Review: Hex Hall (Hex Hall #1) by Rachel Hawkins
Source: Hardcover, Published March 2 2010 by Hyperion Books
Verdict: Very Good/Excellent
Three years ago, Sophie Mercer discovered that she was a witch. It’s gotten her into a few scrapes. Her non-gifted mother has been as supportive as possible, consulting Sophie’s estranged father—an elusive European warlock—only when necessary. But when Sophie attracts too much human attention for a prom-night spell gone horribly wrong, it’s her dad who decides her punishment: exile to Hex Hall, an isolated reform school for wayward Prodigium, a.k.a. witches, faeries, and shapeshifters.
By the end of her first day among fellow freak-teens, Sophie has quite a scorecard: three powerful enemies who look like supermodels, a futile crush on a gorgeous warlock, a creepy tag-along ghost, and a new roommate who happens to be the most hated person and only vampire student on campus. Worse, Sophie soon learns that a mysterious predator has been attacking students, and her only friend is the number-one suspect.
As a series of blood-curdling mysteries starts to converge, Sophie prepares for the biggest threat of all: an ancient secret society determined to destroy all Prodigium, especially her.
Our snarky protagonist, Sophie Mercer, has been banished to Hecate Hall (aka Hex Hall) as punishment for a spell gone horribly wrong at her school’s prom night. She has lived her life with her non-witch mom, and hasn’t been told much about her supernatural abilities and her dad’s history as a warlock. When she arrives at Hex Hall, she starts off on the wrong foot with a werewolf, gets the school’s only vampire as a roommate, and finds herself at odds with a trio of popular (and slightly nasty) witches. And on top of everything else, Sophie finds herself falling for Archer Cross, Hex Hall’s resident handsome heartthrob.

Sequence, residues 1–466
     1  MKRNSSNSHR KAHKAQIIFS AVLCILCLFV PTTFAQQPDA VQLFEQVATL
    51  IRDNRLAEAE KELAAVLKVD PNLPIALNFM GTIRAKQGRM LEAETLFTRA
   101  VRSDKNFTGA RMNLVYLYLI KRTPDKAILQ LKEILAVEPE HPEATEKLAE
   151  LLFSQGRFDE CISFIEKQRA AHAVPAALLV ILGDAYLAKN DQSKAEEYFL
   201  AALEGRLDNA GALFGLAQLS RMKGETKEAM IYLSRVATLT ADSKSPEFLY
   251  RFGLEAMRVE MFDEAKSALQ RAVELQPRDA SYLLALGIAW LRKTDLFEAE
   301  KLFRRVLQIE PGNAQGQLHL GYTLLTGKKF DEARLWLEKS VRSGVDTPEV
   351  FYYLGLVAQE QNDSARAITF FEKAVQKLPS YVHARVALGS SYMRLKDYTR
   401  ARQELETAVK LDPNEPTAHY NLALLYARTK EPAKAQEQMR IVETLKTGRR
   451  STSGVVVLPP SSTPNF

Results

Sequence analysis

When a Hex Hall student witch almost dies after what everyone assumes was vampire attack, Sophie’s roommate Jenna becomes the one and only suspect. Both Jenna and Sophie find themselves more outcast than ever before. Deep down, Sophie knows Jenna did not attack the student, so to clear her friend’s name, she starts researching other magical creatures who could have done the crime. But what she actually learns and uncovers changes everything Sophie ever thought she knew about dark magic, her father and herself.
I think this book will appeal to readers who liked Deadly Cool by Gemma Halliday, The Mediator series by Meg Cabot, or the Medusa Girls series by Tera Lynn Childs. The boarding school aspect of this series might also appeal to fans of Harry Potter. Overall, this book is just so much fun and it has an intriguing and developing story to back it: Hawkins balances humour, paranormal history and gore, and teen romance in one awesomely entertaining book.
Note: This review, written by me, originally appeared on my old site Fabbity Fab Book Reviews. Minor edits may have been made.